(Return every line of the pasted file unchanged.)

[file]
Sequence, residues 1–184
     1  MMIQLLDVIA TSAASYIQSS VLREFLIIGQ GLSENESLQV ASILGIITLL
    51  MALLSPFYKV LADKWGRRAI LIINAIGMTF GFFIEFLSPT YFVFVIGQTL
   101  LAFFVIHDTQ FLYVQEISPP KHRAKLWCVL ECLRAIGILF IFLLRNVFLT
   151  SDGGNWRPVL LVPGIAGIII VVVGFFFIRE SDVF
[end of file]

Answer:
Sequence, residues 1–184
     1  MMIQLLDVIA TSAASYIQSS VLREFLIIGQ GLSENESLQV ASILGIITLL
    51  MALLSPFYKV LADKWGRRAI LIINAIGMTF GFFIEFLSPT YFVFVIGQTL
   101  LAFFVIHDTQ FLYVQEISPP KHRAKLWCVL ECLRAIGILF IFLLRNVFLT
   151  SDGGNWRPVL LVPGIAGIII VVVGFFFIRE SDVF